Background:

Incidence of pancreatic cancer is higher in African Americans than in U.S. whites. We hypothesized that poor oral health, disproportionately common in African Americans and associated with increased risk of pancreatic cancer in several studies of predominantly white populations, may play a role in this disparity.

Methods:

We examined the relation of self-reported measures of oral health (periodontal disease and adult tooth loss) in relation to pancreatic cancer incidence in the prospective Black Women's Health Study (BWHS). Cox proportional hazard analyses were used to calculate HRs of pancreatic cancer for women with periodontal disease, tooth loss, or both, relative to women who reported neither. Multivariable models adjusted for age, cigarette smoking, body mass index (BMI), type 2 diabetes, and alcohol consumption.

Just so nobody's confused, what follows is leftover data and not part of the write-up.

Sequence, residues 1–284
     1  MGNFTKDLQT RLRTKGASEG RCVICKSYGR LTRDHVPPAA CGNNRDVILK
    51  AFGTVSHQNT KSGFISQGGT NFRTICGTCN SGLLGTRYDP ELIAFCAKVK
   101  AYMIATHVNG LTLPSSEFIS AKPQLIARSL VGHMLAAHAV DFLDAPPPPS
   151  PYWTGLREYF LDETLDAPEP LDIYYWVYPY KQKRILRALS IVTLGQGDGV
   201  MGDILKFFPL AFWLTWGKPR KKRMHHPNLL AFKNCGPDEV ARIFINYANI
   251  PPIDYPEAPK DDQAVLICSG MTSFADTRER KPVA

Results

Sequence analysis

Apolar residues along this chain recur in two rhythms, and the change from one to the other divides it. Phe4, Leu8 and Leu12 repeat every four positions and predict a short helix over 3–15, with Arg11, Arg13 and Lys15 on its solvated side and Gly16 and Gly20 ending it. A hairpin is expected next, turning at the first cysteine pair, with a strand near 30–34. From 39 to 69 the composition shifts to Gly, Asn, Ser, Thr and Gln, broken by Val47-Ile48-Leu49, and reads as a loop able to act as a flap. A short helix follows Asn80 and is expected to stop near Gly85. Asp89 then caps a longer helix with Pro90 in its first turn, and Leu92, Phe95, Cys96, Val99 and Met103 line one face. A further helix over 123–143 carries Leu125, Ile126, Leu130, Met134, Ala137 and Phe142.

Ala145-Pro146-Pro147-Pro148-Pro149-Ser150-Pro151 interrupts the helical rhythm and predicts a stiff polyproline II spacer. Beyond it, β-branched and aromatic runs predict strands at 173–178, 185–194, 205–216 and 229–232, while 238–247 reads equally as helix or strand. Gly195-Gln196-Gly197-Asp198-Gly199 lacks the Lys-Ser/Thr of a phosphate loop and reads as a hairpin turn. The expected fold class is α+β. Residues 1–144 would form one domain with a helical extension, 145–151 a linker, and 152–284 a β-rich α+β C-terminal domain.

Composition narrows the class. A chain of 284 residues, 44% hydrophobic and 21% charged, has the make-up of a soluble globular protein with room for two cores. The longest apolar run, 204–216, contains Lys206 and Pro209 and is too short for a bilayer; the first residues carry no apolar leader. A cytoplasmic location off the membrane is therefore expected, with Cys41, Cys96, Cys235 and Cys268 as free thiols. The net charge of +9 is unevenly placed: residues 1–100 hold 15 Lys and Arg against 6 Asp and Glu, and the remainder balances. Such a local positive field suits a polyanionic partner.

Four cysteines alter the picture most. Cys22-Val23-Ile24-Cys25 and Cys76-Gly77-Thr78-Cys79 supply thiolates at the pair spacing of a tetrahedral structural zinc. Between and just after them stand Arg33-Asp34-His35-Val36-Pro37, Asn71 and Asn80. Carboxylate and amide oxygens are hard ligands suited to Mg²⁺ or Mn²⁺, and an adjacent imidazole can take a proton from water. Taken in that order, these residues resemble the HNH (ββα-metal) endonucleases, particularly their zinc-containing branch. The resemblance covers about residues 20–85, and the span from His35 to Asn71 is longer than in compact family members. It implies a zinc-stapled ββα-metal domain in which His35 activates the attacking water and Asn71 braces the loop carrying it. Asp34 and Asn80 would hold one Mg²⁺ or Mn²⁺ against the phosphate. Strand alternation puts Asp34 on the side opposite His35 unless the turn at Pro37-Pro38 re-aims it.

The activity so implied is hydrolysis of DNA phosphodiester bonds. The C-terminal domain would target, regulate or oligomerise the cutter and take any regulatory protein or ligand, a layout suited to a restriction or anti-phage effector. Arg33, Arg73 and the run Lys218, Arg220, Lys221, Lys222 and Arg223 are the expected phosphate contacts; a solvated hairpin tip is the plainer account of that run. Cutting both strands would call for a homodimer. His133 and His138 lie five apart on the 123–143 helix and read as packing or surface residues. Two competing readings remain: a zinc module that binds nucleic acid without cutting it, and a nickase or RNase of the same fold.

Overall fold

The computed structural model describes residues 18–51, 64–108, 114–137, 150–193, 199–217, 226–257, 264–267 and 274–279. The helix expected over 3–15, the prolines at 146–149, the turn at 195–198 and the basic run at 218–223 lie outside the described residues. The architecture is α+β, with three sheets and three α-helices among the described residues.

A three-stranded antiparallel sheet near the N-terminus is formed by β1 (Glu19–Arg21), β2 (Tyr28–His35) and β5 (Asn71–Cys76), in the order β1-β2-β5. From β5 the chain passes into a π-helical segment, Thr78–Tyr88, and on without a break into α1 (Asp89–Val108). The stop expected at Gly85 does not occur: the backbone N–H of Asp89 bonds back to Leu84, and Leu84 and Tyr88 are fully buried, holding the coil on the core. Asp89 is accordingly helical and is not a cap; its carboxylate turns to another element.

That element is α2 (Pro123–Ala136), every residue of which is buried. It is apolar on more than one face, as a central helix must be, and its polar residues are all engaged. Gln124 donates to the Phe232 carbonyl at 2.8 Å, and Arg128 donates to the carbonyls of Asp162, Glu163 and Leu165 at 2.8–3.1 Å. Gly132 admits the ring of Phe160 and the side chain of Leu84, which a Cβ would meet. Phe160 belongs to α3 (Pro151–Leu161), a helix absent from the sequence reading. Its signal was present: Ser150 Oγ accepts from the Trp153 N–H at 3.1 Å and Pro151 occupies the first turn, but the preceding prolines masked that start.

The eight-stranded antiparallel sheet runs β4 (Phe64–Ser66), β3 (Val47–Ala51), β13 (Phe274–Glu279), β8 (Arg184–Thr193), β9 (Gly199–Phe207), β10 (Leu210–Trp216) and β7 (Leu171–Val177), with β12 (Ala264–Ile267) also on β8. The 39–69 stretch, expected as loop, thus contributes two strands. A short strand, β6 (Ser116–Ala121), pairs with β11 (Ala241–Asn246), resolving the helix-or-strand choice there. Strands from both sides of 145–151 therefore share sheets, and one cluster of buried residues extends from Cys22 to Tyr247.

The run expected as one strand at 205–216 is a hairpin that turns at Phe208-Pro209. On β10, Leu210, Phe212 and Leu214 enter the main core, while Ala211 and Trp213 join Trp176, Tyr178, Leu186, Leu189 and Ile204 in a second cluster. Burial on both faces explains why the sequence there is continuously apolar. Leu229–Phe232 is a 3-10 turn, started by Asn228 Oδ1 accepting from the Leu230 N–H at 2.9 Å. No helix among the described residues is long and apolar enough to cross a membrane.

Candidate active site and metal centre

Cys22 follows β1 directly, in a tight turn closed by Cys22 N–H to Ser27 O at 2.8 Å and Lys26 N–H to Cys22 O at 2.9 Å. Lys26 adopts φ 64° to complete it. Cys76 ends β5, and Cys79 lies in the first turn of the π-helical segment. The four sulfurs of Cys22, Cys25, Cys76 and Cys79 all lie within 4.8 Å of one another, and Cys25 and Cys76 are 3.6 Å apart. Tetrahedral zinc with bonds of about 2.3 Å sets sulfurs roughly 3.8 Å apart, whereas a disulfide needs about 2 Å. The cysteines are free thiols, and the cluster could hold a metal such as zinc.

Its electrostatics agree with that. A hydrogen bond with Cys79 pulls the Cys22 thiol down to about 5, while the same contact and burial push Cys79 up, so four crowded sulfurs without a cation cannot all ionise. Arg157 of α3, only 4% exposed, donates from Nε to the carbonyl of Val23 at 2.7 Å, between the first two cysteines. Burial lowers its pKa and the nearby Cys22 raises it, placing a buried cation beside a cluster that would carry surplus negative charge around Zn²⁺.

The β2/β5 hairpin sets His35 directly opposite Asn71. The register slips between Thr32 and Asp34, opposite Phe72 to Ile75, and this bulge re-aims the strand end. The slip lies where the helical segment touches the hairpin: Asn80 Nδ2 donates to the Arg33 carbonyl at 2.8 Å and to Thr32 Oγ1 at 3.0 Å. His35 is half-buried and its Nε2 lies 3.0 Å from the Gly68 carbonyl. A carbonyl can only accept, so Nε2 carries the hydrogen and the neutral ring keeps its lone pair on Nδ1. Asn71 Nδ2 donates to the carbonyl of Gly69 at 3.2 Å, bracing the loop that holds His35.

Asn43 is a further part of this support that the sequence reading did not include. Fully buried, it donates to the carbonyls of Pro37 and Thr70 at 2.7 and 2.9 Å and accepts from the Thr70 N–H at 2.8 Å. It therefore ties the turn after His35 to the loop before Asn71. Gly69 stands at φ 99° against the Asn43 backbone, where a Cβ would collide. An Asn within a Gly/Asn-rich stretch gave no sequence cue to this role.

Results:

Participants aged 33 to 81 were followed for an average of 9.85 years from 2007 through 2016, with occurrence of 78 incidence cases of pancreatic cancer. Multivariable HRs for pancreatic cancer incidence were 1.77 [95% confidence interval (CI) 0.57–5.49] for periodontal disease with no tooth loss, 2.05 (95% CI, 1.08–3.88) for tooth loss without report of periodontal disease, and 1.58 (95% CI, 0.70–3.57) for both tooth loss and periodontal disease. The HR for loss of at least five teeth, regardless of whether periodontal disease was reported, was 2.20 (95% CI, 1.11–4.33).

Conclusions:

The poor oral health experienced by many African Americans may contribute to their higher incidence of pancreatic cancer.

Impact:

Future research will assess associations between the oral microbiome and pancreatic cancer risk in this population.